After worshipping our Creator at Holy Cross Catholic Church in Lynchburg, VA at the 8 a.m. service on Sunday morning, we drove over an hour northward to Monticello, Thomas Jefferson’s estate just outside of Charlottesville. Jefferson was one of the most complex of the American founders. Concerning this great man, Leslie Bowman states: “Philosopher, revolutionary, president, connoisseur, gardener, epicure, diplomat, scientist, educator, innovator, and farmer, Thomas Jefferson was, is, the essential architect of American life.” He, of course, gave us the words in the Declaration of Independence. Monticello, his beloved home, sits on an 850′ high mountain, providing lovely views of the surrounding countryside.
After purchasing our tickets, we watched the introductory movie and toured the museum before driving down the road to Michie Tavern, an 18th century inn which serves Southern food, buffet-style. We stuffed ourselves with fried chicken, black-eyed peas, green beans, mashed potatoes, biscuits, cornbread, and peach cobbler, and then returned to Monticello for the tours.
We first took the Ground and Gardens tour where a well-informed guide took us on a walk across the grounds, talking about the property and showing us the flower gardens and vegetable gardens. We enjoyed the beauty and variety of Monticello. Jefferson had a lifelong interest in gardening, botany, and agriculture.
Next, we took the Slavery at Monticello tour. Our excellent guide shared with us the experiences of the enslaved people who lived and labored on Jefferson’s 5000 acre plantation. Jefferson on slavery was a contradiction. He called slavery a “moral depravity” and a “hideous blot” yet he owned hundreds of slaves on Monticello. They appear to have been no better treated than those on other plantations. And, he freed very few of them, even at his death. How could the man who wrote that “all men are created equal” practice slavery?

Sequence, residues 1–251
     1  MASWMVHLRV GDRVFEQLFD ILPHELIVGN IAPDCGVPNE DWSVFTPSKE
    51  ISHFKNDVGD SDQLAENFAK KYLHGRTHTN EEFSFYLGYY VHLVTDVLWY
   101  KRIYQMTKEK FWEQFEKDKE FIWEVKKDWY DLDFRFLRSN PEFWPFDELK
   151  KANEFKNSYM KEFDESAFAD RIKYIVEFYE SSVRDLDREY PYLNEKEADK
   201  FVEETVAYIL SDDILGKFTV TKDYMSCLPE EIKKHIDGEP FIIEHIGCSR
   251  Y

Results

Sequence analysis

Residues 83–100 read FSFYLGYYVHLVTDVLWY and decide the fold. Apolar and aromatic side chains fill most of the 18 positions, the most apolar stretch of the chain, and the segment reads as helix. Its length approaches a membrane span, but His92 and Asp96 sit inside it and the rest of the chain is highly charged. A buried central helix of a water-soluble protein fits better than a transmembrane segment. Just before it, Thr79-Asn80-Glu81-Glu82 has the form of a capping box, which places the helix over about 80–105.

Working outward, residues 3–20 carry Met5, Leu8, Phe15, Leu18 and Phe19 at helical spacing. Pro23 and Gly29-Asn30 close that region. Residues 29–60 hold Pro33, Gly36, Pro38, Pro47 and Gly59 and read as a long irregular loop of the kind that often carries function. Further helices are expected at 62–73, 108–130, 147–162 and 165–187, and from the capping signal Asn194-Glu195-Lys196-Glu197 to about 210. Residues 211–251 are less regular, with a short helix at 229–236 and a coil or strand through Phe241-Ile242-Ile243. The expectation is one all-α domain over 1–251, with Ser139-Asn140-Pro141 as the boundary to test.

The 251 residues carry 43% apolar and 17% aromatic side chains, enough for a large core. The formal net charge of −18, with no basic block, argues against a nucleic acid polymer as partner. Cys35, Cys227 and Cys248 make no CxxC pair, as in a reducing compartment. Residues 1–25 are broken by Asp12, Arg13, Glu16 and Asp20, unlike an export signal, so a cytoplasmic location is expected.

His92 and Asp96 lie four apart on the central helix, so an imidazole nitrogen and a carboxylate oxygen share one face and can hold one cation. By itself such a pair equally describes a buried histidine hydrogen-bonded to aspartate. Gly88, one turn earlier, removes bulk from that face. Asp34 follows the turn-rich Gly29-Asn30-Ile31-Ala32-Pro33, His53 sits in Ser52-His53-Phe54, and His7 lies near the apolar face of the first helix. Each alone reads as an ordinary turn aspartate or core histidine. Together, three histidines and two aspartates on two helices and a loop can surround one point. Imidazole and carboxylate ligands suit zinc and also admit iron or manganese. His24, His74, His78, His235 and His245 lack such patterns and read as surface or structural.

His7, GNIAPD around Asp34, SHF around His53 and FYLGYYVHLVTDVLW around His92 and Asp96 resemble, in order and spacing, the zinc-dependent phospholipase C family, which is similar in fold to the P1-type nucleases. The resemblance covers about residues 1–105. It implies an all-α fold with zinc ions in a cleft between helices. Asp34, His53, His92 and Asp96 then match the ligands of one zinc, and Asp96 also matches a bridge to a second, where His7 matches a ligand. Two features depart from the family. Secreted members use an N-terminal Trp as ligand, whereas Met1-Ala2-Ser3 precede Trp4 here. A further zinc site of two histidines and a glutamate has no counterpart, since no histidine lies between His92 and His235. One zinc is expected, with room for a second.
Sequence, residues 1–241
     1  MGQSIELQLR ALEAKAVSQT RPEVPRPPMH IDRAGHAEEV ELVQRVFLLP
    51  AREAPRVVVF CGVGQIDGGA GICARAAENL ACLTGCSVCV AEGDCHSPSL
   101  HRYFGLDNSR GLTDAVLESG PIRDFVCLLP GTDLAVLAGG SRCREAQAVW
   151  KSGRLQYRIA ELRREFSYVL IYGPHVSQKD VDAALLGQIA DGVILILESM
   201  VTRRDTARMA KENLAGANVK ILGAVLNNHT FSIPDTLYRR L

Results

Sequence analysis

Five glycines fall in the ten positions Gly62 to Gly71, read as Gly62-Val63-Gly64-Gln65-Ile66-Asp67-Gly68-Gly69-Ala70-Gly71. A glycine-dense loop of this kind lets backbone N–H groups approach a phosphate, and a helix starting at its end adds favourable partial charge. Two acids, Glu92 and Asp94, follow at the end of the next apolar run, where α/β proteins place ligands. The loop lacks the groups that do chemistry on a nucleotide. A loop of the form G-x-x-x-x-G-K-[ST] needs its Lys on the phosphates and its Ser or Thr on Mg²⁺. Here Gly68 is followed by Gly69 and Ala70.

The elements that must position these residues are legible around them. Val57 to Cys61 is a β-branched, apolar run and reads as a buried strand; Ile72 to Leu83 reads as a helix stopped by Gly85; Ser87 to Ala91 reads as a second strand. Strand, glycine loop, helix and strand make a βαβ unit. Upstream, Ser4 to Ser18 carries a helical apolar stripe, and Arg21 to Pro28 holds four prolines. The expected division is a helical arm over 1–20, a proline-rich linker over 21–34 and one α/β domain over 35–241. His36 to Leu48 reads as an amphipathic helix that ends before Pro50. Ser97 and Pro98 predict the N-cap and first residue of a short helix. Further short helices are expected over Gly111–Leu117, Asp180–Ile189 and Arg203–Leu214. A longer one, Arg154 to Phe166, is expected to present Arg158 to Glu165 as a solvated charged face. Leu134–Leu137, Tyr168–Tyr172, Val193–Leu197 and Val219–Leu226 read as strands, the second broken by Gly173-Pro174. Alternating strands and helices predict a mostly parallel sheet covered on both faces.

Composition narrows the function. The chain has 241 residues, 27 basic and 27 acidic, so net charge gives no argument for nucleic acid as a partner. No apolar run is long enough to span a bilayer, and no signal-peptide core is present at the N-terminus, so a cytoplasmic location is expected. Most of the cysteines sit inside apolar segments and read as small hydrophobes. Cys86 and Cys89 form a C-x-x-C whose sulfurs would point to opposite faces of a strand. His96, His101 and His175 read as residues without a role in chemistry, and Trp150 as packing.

Finally, we took our Behind the Scenes tour of the main house of Monticello. Not only did we get to tour the lower level, but we also walked through the second and third floors of the neoclassical structure. Our guide, Grace, was amazing and made our two hours of walking through the home very enjoyable. She regaled us with stories of Jefferson and his family as we made our way from room to room.
On the way back to our vehicle, we stopped by Jefferson’s Grave for a few moments of reflection. He is buried halfway down the hill with other members of the family. We arrived back in Lynchburg after dark. The next day we would drive on northward.